The very low density of the MCU current in heart was an unexpected finding, as accumulation of Ca2+ into mitochondria in intact cardiac muscle has been previously demonstrated6–8,39, and mitochondrial Ca2+ uptake in metabolically active tissues such as heart is perceived as important for the stimulation of mitochondrial ATP production and matching its rate with cytosolic Ca2+ activity7,8,10. The paradoxically low MCU activity in heart, however, can be explained if we consider that mitochondria occupy up to 37% of the total cell volume in heart40. If these many heart mitochondria possessed a high ability to accumulate Ca2+, they could abolish the cytosolic Ca2+ signaling necessary for heart contractile activity. Furthermore, because heart is characterized by frequent elevations of cytosolic Ca2+, robust mitochondrial Ca2+ uptake would lead to extensive futile cycling of Ca2+ across the IMM, resulting in low metabolic efficiency. Finally, the frequent elevation of cytosolic Ca2+ could lead to mitochondrial Ca2+ overload and dysfunction. Therefore, in heart, with its abundant mitochondria and frequent elevations in cytosolic Ca2+, it may be essential to limit MCU activity to preserve both a normal Ca2+-dependent heartbeat and mitochondrial integrity. In contrast, because skeletal muscle mitochondria occupy only about 5% of the cell volume41,42 and are not exposed to frequent Ca2+ elevations, limiting MCU activity in this tissue might not be necessary. It must be noted that although singular heart mitochondria have a limited ability to uptake Ca2+, their abundance can result in combined Ca2+ accumulation comparable to other tissues.
Interestingly, the density of the MCU current in cardiac mitoplasts isolated from newborn mice was about 5 times lager that that of adult mice. This demonstrates that the MCU activity can vary significantly not only between tissues but also during development. Important morphological changes occur during the first week after birth in cardiac myocytes, and the SR and mitochondrial networks are extensively remodeled7. In particular, mitochondrial volume density increases from about 20% in newborn to about 40% adults43,44. The age-related differences in the Ca2+ conductance of the cardiac IMM reported here, together with the morphological changes in SR and mitochondrial network, may explain why beat-to-beat oscillations of mitochondrial Ca2+ are usually observed in newborn and less often in adult cardiomyocytes7,8.
Drosophila flight muscle is characterized by even higher Ca2+-dependent contractile activity than mouse heart, and mitochondria in this tissue occupy about 40% of the cell volume45,46. Therefore, it is not surprising that the MCU current density in Drosophila flight muscle is about four times lower than that in mouse heart. However, some mitoplasts originating from Drosophila tissues other than flight muscle have very high MCU current density, even exceeding the maximal MCU current density found in mice. Thus, in Drosophila, as seen in mice, MCU activity varies dramatically between tissues.
Whether variations in MCU activity are due to tissue-specific regulation of the MCU (e.g., via auxiliary subunits) or to different tissue-specific expression of the MCU channel requires further investigation. However, the tight control of MCU activity in highly active cells with intensive cytosolic Ca2+ signaling is likely crucial for the normal physiology of these cells and for the integrity of their mitochondria. Misregulation of MCU activity in such tissues may lead to derangement of intracellular Ca2+ signaling and mitochondrial dysfunction, followed by functional incompetence and degeneration.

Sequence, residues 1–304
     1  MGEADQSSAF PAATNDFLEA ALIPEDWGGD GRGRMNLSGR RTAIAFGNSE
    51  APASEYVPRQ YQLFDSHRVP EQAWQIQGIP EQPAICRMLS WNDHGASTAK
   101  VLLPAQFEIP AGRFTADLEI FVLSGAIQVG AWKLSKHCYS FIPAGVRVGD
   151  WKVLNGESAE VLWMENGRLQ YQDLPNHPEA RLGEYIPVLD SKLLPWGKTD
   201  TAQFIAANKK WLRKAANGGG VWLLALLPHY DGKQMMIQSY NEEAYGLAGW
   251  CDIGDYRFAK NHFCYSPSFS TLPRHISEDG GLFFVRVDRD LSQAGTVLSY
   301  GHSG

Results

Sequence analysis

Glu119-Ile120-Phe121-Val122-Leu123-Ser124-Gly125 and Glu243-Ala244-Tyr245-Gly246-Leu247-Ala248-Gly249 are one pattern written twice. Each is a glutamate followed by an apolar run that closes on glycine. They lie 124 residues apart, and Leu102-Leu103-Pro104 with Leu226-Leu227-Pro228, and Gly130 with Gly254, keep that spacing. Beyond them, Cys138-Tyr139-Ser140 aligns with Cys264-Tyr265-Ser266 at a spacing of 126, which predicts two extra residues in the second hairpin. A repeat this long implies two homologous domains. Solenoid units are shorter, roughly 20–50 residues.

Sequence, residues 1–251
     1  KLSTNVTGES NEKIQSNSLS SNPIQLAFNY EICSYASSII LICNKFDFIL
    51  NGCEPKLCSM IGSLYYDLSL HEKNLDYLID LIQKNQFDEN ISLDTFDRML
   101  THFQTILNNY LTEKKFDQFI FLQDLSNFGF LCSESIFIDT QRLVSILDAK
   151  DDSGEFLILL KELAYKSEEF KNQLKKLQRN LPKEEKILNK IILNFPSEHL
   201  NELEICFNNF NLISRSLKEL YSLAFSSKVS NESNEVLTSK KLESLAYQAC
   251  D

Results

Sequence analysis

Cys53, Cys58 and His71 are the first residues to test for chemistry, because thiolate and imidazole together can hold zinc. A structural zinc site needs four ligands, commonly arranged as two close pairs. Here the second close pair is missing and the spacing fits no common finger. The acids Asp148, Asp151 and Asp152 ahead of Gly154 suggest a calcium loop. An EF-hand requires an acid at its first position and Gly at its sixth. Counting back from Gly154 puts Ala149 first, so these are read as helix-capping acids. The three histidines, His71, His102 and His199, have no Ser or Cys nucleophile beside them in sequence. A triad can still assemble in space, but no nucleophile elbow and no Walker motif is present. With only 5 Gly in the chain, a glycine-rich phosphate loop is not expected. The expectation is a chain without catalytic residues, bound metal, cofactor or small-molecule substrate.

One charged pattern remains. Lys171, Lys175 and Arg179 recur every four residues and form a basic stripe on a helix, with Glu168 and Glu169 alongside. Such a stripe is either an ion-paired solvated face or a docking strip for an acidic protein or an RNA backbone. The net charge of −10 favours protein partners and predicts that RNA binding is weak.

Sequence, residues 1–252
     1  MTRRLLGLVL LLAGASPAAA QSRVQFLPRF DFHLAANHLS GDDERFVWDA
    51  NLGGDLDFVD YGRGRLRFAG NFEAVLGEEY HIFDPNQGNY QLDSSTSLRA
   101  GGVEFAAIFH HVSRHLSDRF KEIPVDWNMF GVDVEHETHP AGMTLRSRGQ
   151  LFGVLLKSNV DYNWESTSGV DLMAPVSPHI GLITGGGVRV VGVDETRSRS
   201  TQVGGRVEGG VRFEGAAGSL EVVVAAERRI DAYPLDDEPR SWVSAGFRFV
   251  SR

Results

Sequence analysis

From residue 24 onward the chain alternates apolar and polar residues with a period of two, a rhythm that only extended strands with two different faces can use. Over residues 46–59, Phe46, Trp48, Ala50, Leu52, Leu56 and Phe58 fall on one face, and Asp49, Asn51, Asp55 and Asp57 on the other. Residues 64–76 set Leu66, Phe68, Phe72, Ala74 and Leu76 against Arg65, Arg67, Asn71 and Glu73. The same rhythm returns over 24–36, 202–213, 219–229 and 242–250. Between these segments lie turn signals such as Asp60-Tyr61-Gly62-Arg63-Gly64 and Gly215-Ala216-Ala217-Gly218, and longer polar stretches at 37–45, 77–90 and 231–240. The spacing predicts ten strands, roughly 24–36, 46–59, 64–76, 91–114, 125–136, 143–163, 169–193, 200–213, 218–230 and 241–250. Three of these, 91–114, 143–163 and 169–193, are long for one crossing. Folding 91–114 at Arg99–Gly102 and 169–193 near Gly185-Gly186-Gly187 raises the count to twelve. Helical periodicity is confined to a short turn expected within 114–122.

Mitoplasts were prepared from heart, skeletal muscle, liver, kidney, and brown fat of adult (3–6-week-old) mice. Mitoplasts were isolated from wild-type C57BL/6 mice, except for brown fat mitoplasts obtained from mice deficient for uncoupling protein 1 (UCP1-/-, C56BL/6 background, courtesy of Dr. Leslie Kozak, Pennington Biomedical Research Center, Lousiana State University, Baton Rouge, Lousiana, USA). Mice were sacrificed by CO2 asphyxiation followed by cervical dislocation. The selected mouse tissue was isolated, rinsed, and homogenized in ice-cold medium containing 250 mM sucrose, 10 mM HEPES, and 1 mM EGTA (pH adjusted to 7.25 with KOH), using a glass grinder with six slow strokes of a Teflon pestle rotating at 280 (soft tissues) or 600 (fibrous tissues) rotations/min. The homogenate was centrifuged at 700g for 5–10 min to pellet nuclei and unbroken cells. For some tissues, the first nuclear pellet was resuspended in the same solution and homogenized again to increase the yield of mitochondria. Mitochondria were collected by centrifugation of the supernatant at 8,500g for 10 min. Mitoplasts were produced from mitochondria using a French press. Briefly, mitochondria were suspended in a solution containing 140 mM sucrose, 440 mM D-mannitol, 5 mM HEPES, and 1 mM EGTA (pH adjusted to 7.2 with KOH), and then subjected to a French press at 2,000 psi to rupture the outer membrane. Mitoplasts were pelleted at 10,500g for 15 min and resuspended for storage in 500 μL of solution containing 750 mM KCl, 100 mM HEPES, and 1 mM EGTA (pH adjusted to 7.2 with KOH). Mitochondria and mitoplasts were prepared at 0–4°C and stored on ice for up to 5 h. The French press method allows for a more gentle mechanical isolation of mitoplasts, and the pressure applied can be controlled to preserve the cristae of mitoplasts 29.
Immediately before the electrophysiological experiments, 15–50 μL of the mitoplast suspension was added to 500 μL of a solution containing 150 mM KCl, 10 mM HEPES, and 1 mM EGTA (pH adjusted to 7.2 with KOH), and plated on 5 mm coverslips. For whole-mitoplast experiments, coverslips were pretreated with 0.1% gelatin to reduce adhesion. Only mitoplasts that had a figure 8-shaped appearance were selected for experiments, as this indicated the integrity of the matrix and membranes (Fig. 1).